On February 1, 2018, the National Political Council of the FARC released a statement in which they claimed that three of their members and a minor were allegedly kidnapped, tortured and killed by the National Liberation Army (ELN) in the department of Nariño, Colombia, which is located right next to Ecuador. In their statement, the FARC demanded that the ELN publicly clarifies these allegations. After all, like the FARC, the ELN is an insurgency guerrilla that fought against the Colombian state in the 1960s and that is also on the left side of the political spectrum. It is surprising then, that if these allegations are true, the ELN would deliberately assassinate the members of a group that has so much in common with it.
The ELN was conformed, among others, by priests Camilo Torres and Manuel Pérez, who were strong adherents of the Liberation Theology, a branch of Christian theology that according to the Peruvian priest Gustavo Gutiérrez Merino sees the construction of a “just and fraternal society, where persons can live with dignity and be the agents of their own destiny” as its most important function. For Gutiérrez Merino, the notion of liberation “emphasizes that human beings transform themselves by conquering their liberty throughout their existence” and from a Catholic viewpoint “can be approached as a single salvific process.” Furthermore, The founders of the ELN were also inspired by the Cuban Revolution (1953-1959), and sought to execute a similar revolution in Colombia that would overthrow the ruling class and decrease the great social inequality in the country.
Having started peace negotiations with the ELN in Ecuador, the Santos government managed to reach a bilateral ceasefire with them, pointing to the possibility that Colombia would indeed be closer to peace. After all, with the demobilization of the FARC, once the largest guerrilla group in the country, getting the considerably smaller ELN to demobilize did not seem to be as difficult a task. According to the Centre of Resources for the Analysis of Conflicts (CERAC), which monitored this ceasefire between December 1, 2017 and January 9, 2018, the truce between the Colombian government and the ELN lasted around 100 days. While there were decreases in the number of casualties during this period, the truce was not perfect given the alleged persistence of violent actions by the ELN against civilians. In the end, President Santos had to suspend peace negotiations with the ELN after this armed insurgency allegedly threw bombs on three police stations in the municipalities of Santa Rosa and Barranquilla on Saturday, January 27 and in the municipality of Soledad on Sunday, January 28, just a few days before the attacks against FARC members. The ELN purportedly attributed the Barranquilla attack to themselves and justified it by claiming that they had a legitimate right to rebel against the state in a statement. Furthermore, they supposedly claimed in their statement that “there isn’t a day in which there isn’t an assault against the dignity and life of the inhabitants of the so-called “capital of life” (the city of Barranquilla) and of the cities of Colombia by the Public Forces, demonstrating that their function is to defend the interests of the rich and powerful.” Bernando Téllez, the ELN delegate during the peace negotiations claims that: “We understand the pain of the families of the police officers, but the pain of the families of the dead guerrilla members and social leaders should also be understood (…) as of January, more than 20 social leaders and human rights defenders have been assassinated.” If on top of allegedly being responsible for these bombings, the ELN also turns out to be responsible for the recent assassinations of FARC members, the situation in Colombia is likely to get murkier and messier.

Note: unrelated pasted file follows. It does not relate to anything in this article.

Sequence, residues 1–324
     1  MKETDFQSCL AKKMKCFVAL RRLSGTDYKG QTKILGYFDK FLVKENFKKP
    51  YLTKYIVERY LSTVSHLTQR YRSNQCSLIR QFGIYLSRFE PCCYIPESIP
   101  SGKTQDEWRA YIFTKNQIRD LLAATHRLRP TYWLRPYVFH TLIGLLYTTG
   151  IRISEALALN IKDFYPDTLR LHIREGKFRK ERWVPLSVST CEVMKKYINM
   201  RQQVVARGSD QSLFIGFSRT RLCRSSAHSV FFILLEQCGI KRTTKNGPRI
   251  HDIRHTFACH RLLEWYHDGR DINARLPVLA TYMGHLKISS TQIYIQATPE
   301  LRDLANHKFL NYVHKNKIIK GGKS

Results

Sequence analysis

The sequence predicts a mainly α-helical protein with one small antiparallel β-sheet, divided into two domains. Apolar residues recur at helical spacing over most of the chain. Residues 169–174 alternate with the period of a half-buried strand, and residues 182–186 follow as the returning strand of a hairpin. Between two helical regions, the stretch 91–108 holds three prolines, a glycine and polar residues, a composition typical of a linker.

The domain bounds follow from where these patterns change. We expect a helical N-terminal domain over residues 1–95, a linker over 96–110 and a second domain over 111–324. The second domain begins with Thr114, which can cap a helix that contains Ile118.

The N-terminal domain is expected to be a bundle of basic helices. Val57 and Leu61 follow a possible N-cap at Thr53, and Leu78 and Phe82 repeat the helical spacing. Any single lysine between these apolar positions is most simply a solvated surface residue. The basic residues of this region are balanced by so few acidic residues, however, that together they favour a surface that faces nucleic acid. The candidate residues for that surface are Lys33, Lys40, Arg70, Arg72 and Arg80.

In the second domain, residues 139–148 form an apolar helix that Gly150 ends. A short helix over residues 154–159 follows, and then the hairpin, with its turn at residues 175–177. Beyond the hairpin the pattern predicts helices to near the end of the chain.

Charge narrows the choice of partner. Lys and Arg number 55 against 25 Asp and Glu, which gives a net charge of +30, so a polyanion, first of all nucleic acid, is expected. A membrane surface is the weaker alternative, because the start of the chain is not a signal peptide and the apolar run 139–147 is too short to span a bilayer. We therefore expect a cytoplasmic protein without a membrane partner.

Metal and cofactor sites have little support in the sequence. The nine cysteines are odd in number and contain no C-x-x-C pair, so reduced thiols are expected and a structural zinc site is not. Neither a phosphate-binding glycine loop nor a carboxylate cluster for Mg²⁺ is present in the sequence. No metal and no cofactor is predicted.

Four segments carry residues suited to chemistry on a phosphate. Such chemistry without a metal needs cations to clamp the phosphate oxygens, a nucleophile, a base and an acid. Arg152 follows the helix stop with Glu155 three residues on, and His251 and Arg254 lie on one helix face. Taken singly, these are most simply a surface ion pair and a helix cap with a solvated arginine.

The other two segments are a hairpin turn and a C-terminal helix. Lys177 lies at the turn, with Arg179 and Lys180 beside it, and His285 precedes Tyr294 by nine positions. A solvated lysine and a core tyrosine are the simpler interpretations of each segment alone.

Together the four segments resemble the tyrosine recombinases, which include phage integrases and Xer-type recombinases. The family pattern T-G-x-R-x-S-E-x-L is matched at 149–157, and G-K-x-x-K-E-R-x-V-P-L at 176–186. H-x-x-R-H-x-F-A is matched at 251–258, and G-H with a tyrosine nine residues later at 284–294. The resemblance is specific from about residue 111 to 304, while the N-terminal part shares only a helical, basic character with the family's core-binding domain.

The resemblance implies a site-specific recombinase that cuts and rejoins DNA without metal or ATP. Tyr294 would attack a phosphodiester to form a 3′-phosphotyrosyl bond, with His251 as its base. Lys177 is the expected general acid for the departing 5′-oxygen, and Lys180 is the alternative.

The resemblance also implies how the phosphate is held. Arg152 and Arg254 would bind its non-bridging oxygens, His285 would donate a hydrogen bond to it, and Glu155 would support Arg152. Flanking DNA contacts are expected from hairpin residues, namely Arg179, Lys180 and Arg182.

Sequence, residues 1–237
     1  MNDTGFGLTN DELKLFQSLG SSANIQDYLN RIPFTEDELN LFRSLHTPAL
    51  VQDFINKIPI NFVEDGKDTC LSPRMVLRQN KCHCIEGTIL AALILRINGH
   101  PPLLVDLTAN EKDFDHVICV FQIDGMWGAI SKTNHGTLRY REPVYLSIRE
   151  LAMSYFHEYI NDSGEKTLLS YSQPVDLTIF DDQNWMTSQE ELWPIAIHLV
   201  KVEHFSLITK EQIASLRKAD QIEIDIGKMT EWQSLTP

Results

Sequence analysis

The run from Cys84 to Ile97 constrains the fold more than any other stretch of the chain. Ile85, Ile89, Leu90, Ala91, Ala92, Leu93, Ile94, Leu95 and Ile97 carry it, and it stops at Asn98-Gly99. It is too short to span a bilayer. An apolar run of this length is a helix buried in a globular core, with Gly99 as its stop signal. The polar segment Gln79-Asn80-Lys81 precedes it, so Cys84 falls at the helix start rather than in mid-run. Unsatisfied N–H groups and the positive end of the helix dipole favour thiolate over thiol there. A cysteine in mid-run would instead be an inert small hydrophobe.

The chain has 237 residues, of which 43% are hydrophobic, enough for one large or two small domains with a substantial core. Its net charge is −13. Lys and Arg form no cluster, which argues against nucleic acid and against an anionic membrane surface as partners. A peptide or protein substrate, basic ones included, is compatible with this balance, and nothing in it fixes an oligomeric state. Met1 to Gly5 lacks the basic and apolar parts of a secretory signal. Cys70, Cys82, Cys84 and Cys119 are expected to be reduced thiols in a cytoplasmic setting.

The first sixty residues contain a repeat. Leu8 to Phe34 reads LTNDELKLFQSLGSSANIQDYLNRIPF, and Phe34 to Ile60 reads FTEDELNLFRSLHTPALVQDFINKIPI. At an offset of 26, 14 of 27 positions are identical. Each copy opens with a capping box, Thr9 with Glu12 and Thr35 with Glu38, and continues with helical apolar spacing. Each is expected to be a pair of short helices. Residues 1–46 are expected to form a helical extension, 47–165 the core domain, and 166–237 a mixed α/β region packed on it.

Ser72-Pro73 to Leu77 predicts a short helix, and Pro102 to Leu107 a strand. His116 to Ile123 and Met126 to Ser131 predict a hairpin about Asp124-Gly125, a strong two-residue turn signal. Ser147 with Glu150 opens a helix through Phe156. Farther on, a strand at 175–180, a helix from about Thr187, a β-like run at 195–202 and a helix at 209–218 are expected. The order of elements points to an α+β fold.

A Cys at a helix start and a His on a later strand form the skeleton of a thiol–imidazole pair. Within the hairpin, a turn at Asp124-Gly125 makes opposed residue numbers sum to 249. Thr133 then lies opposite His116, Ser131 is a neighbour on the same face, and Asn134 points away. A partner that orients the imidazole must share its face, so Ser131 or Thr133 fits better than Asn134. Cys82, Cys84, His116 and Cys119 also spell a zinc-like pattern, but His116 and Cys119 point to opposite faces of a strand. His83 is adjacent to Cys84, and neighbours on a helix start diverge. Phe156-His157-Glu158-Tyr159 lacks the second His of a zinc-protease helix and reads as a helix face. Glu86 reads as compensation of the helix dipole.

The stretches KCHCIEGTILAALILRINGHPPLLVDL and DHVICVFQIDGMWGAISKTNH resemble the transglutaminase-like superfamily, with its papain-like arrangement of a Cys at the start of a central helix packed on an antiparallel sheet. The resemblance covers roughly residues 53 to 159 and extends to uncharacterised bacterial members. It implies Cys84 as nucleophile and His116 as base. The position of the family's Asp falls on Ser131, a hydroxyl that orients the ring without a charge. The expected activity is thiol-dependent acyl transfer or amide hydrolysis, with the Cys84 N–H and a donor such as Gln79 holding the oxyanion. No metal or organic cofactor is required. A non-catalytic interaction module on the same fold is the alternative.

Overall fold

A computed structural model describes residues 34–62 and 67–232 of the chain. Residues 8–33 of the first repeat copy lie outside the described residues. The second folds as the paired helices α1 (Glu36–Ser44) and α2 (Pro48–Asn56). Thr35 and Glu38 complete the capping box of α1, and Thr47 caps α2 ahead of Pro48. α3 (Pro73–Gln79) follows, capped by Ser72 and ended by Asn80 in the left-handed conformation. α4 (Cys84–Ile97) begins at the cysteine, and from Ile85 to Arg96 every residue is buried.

If one thing can be concluded from these events, it is that they further weaken the prospect of peace in certain regions of the country. There is clearly a communication breach between the Colombian government and the ELN. Hopefully they can overcome this breach and retake the 5th cycle of peace negotiations.
Edited by Gracie Webb
Photograph by Oscar Paciencia.